Documents are dead, long live the note
This was originally written by one of our users, Nick Reynolds. You can find the original post on his blog, Sparkspring.
I’ve been using a note taking app called Fetchnotes which is forcing me to rethink how documents work, or rather don’t work.
Historically and even in today’s world of documents in the cloud we use the concept of the document or the file as a container within which we write words or create an image. These files have to have a title and are almost always stored in a folder within a file system.
These documents with their titles and file system are disappearing. They didn’t really exist in the first place - more that the organising metaphor has now gone and the technology created to support it redundant.
Now re-imagine this and think about creating a note that has no title and isn’t stored in a particular place. To find this note in among a sea of others it contains keyword #tags and also Twitter-style @-mentions to a colleague who can instantaneously see the note and edit it. As Sarah Perez says on Techcrunch “Fetchnotes makes your to-do lists more social, collaborative like Google Docs, but as easy as messaging.”
Fetchnotes is the simplest possible embodiment of what one might call a dynamic document although note is now a far better metaphor as notes don’t have titles, they are not filed and can be passed around easily in any format. Fetchnotes kills traditional collaboration. Documents are reinvented and email and IM sidelined. Fetchnotes are not even objects around which messages and information coalesce. They are all three in one.
Fetchnotes founder Alex Schiff: “Most people use Fetchnotes for dynamic note taking rather than being your file cabinet, something Evernote is targeting a lot harder. A lot more of the notes taken with us get deleted relative to other note taking apps because you’re cycling through your to do list, figuring out what you want to do with that idea. You can certainly use it as a database too - I do for things like lightweight contact management and saving useful links but that’s less of what we see as our value proposition.”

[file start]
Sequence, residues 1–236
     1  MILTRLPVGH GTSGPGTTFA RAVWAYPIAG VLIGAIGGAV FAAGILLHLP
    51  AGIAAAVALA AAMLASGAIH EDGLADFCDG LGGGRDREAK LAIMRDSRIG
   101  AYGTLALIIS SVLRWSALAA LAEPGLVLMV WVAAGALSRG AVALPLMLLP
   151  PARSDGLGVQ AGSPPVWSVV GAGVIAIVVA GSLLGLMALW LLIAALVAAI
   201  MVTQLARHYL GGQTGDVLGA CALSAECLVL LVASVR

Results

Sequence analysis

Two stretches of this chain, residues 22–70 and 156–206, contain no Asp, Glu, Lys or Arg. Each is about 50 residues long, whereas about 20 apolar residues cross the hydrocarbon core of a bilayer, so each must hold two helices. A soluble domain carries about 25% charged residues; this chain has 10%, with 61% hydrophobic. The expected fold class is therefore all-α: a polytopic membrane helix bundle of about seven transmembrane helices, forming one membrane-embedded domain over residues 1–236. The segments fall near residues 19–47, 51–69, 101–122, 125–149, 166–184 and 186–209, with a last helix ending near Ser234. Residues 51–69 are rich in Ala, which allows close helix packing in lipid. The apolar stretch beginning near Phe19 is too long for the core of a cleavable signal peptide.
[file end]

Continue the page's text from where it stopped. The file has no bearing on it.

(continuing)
In addition to more immediate updates which will allow you to share notes to non-Fetchnotes users and notifications for updates to shared notes, third party integration is on the way too. Alex adds: “We should have two integrations built by the end of the summer, and in all likelihood they’ll be done this month. I would love to give more details but don’t want to piss off our partners!”
Aside from liking the product itself I have felt myself drawn to the founders Alex and Chase Lee who ever since mis-sending out a gaff-laden email to users have been visible and outspoken about all their trials and tribulations. In addition to which their most recent funding ‘round’ is entirely financed by Karaoke sessions. You’ve gotta love ‘em.
So what’s the long-term plan? Alex says: “Build an amazing product that millions of people love. We have some well thought out plans here we’re looking to test soon, so I don’t want to tip the cards just yet, but we want to do whatever we can to make your notes useful, so our business model will reflect that.”
It took me a while to get the hang of Fetchnotes because I kept using the old mindset that notes need titles the very notion of which is irrelevant now. I found it hard to shake my old world-view but I knew, nagging away underneath there was something better, something simpler. It was there all along, just hidden in plain sight.
I think they’re on to something here about the traditional file / file system metaphor going away. Tweet-sized notes that can easily cross-reference each other are gonna blow up.
Peabrain is just a tiny playful experiment, and bet, on the fact that SMS is the right input method, and that publicity and social are probably already mostly taken care of by Twitter. I’ve written 156 notes in just the last 19 days since I started playing around with it.
I’m definitely gonna be listening to these FetchNotes guys though, they’re smart.